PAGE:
Missed Gems in Gaming: Singularity

by: 
hello world!
| April 17, 2021

I don’t remember when it was, but I picked up Singularity on a whim. I think it may have been on sale and looked interesting enough on the cover to warrant a purchase. I got it on Xbox 360, and I remember thinking this is so cool during my first playthrough. Though the game is a first-person shooter, a genre I am fairly familiar with and play frequently, Singularity had a twist I didn’t know about (and it’s not a spoiler): 

Time travel! 

As someone who was obsessed with the Back to the Future series as a kid, time travel was always something I looked forward to in television, video games, and movies. That’s why once I had finished Singularity I was surprised to find out that no one I knew had ever heard of it.

A noble action that changes history?

Singularity was released in 2010, developed by Raven Software (Quake 4), and was published by Activision (Spyro the Dragon, Destiny). You begin the game as character Captain Nathaniel Renko, a U.S. Recon Marine investigating an electromagnetic surge that took out a U.S. spy satellite. Renko crash-lands with his group on an island known as Katorga-12 after another electromagnetic surge takes out their helicopter. He finds his way into a building on Katorga-12, filled with audio recordings, an informational video about a strange substance known as E-99, and a giant statue of Joseph Stalin’s head. 

There, Renko is exposed to some sort of energy wave that transports him back to 1955 in a burning version of the building he was just in. The floor collapses, and a man falls through the hole. Renko instinctively saves the man’s life and is thanked by people referring to the man as “Demichev.” Then, he returns to the year 2010 only to discover that things in the room have changed. Instead of a statue of Stalin’s head, a statue of Demichev’s head stood in its place.

The story is enhanced by the history of Katorga-12, E-99, and Demichev’s takeover, told through audio and video clips throughout the game.

As you get started playing as Renko in the game, you’re captured by Demichev’s soldiers and rescued by a woman named Kathryn with a group called MIR-12. MIR-12 found a journal in the building stating that Renko was the key to ending Demichev’s reign using something called the Time Manipulation Device. This TMD was developed by Doctor Victor Barisov, who Demichev killed in the past.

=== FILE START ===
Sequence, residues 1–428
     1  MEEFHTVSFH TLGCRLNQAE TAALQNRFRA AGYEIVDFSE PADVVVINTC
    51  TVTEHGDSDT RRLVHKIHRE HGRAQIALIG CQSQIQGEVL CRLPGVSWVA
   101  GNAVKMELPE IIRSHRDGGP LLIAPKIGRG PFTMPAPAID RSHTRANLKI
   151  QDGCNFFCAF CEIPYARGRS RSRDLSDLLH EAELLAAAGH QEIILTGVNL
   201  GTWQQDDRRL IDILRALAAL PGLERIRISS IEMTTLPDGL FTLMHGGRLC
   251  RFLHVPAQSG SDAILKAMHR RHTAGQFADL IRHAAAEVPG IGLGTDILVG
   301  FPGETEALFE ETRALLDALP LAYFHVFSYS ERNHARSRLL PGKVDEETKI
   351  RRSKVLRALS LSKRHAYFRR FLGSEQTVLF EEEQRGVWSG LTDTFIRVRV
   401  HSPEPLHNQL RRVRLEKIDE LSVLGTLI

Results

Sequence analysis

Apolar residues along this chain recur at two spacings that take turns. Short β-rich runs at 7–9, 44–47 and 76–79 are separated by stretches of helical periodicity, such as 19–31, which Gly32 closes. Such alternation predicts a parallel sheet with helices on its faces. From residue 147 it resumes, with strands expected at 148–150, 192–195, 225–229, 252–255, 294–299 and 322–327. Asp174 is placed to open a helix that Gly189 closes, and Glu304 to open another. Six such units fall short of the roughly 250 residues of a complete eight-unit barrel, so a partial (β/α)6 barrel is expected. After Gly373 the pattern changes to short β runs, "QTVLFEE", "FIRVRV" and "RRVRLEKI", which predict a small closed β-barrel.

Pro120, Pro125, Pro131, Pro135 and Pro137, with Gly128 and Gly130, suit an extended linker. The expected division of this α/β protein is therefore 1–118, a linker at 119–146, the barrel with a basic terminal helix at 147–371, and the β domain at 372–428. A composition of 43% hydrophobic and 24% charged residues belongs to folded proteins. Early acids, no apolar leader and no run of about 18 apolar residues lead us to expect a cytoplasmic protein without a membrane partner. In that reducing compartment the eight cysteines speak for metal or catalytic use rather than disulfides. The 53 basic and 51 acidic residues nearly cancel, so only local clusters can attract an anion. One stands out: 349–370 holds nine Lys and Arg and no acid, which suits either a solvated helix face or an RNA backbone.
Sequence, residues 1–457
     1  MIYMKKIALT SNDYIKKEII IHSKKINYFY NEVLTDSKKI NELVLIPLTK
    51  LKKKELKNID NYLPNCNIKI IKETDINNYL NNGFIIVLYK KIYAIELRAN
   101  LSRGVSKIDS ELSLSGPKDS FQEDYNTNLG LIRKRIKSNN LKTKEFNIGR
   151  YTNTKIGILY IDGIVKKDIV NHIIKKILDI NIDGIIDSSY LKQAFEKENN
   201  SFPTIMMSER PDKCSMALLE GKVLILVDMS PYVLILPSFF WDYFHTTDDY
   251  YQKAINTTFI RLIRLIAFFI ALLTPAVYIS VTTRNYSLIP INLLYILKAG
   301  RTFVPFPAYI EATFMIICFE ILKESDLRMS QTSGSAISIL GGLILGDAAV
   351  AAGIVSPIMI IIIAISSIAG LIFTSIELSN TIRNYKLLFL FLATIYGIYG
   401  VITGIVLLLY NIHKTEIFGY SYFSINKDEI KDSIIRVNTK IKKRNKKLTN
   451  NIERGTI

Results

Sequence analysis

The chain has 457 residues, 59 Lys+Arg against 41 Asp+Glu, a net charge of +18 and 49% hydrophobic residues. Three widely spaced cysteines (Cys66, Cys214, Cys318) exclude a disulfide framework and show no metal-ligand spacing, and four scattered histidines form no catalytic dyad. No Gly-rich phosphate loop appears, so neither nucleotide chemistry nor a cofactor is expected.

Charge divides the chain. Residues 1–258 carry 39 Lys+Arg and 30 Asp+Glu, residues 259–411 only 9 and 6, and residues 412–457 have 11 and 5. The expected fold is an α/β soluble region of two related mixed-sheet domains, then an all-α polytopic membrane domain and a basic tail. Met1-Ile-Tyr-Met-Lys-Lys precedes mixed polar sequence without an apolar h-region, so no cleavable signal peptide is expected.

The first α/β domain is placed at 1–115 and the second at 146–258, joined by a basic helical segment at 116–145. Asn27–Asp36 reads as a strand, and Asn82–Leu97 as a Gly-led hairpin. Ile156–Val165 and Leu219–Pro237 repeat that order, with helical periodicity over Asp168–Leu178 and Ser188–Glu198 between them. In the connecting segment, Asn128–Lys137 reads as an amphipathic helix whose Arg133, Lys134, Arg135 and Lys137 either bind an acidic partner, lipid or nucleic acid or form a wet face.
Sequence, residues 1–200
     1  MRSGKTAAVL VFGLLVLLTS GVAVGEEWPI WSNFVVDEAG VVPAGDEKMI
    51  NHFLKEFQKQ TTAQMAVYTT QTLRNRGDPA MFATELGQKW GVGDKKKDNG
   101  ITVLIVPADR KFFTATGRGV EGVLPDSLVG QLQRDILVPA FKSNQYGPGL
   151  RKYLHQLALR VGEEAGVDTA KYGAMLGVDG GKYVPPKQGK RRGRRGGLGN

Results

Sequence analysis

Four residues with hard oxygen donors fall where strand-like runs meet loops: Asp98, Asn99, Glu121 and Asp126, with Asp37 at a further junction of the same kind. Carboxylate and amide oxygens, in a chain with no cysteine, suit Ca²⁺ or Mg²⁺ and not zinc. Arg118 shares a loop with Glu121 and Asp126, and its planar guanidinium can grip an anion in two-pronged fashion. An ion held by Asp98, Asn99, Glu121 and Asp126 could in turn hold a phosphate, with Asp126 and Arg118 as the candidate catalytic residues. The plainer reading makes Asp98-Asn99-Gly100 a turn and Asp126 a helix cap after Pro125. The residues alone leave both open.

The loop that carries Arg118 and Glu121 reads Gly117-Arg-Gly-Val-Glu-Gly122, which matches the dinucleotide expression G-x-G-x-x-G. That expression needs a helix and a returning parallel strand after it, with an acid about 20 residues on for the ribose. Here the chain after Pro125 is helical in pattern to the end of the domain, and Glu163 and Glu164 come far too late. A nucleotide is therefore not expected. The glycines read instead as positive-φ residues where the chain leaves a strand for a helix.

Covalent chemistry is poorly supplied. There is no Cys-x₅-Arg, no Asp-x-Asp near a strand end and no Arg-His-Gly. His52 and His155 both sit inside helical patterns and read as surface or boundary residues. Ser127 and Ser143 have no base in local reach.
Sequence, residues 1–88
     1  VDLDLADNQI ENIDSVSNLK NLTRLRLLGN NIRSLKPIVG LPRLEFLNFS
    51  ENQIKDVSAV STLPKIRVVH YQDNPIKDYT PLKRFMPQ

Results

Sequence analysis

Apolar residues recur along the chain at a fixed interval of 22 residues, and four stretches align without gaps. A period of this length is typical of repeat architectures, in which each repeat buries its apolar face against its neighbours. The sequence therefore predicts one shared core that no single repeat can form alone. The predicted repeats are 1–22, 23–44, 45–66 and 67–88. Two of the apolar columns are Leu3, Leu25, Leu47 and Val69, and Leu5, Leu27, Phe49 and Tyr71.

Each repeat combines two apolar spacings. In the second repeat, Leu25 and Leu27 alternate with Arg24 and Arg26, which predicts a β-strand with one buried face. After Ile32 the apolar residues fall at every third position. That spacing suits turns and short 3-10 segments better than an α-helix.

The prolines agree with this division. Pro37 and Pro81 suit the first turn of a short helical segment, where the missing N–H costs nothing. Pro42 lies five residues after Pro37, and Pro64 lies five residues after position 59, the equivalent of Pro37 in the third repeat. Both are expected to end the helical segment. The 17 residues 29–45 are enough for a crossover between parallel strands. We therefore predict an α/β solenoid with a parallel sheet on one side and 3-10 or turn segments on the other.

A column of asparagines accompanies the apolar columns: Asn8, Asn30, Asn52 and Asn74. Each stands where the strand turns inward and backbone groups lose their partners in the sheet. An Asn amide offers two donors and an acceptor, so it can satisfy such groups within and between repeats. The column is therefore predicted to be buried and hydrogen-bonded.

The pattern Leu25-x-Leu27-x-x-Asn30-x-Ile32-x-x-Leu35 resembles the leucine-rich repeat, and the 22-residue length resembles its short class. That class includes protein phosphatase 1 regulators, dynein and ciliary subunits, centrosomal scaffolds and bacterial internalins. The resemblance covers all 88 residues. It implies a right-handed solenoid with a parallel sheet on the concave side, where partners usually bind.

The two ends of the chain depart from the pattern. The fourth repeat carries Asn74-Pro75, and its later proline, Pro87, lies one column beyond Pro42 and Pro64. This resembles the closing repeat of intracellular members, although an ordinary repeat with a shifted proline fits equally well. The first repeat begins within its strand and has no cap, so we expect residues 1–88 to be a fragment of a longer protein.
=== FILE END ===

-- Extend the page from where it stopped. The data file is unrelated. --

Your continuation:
Your first task is to go back in time and save Barisov’s life and use his TMD help to continue your larger mission: making sure Demichev does not end up in power.

You can use the TMD to open a rift in space-time.

When you first discover the TMD, its powers are very basic. Throughout the game, though, you’re able to upgrade it to become more powerful and useful. It runs on a substance known as E-99, which is what caused Katorga-12 to go under instead of becoming the utopia the Soviet Union had hoped it would be. Once you have more power, the TMD can manipulate time, move objects back and forth in time, send a pulse to kill enemies, and much more. 

Throughout the game, you also have to fight off human enemies and mutated creatures alike by collecting ammunition and weapons. You must do everything you can to stop Demichev’s rise.

This game is a lot of fun! 

Missions are challenging and enemies vary in difficulty.

I love going back and forth through time, seeing the past that shaped the present is interesting, and—my favorite part—manipulating objects through time. Can’t get onto a ledge because a stairway has disintegrated? Just use the TMD to take that part of the stairs back in time, and they will repair themselves. Trying to get past some spinning blades? Use the TMD to send a pulse at them to hold them in place for a few seconds while you slip through. Have an enemy you can’t quite take out? Use the TMD to pick up an explosive barrel and hurl it back towards them. The TMD works equally well as a weapon and as a manipulation device.

It’s widely known that the game had troubles with development, so much so that Activision almost canceled it altogether. After delays with the game in October 2010, they reduced the development to just one team at Raven. Once released, Singularity did well, but not well enough for Activision’s standards, and they were disappointed. In contrast, player reviews are largely positive because while Singularity is similar to many first-person shooters, it has enough unique features to make it a singular game of its own.

Me doing my best on my “Singularity Sundays” stream.

While you never hear Renko’s voice, the game does have a slew of well-known voice actors in the cast: Nolan North, Steve Blum, Graham McTavish, Yuri Lowenthal, Kari Wahlgren, and Troy Baker. 

The graphics aren’t incredible by any means, but they do keep you involved in the story. And that story is enhanced by the history of Katorga-12, E-99, and Demichev’s takeover told through audio and video clips throughout the game. Singularity gives you as much information as possible by packing the game with audio files, educational films, and notes.

Given its development and release hiccups, I can understand why this game slipped under the radar. But I hope more people discover it and give it a chance. Singularity is a fun and interesting game. It reminds me a lot of Bioshock, too, and if you like that kind of game, I urge you to give Singularity a chance. It’s available on Xbox 360, PlayStation 3, and Steam.

Have you played Singularity? What other missed gems have you enjoyed and would recommend? Let’s chat about them in the comments.

 

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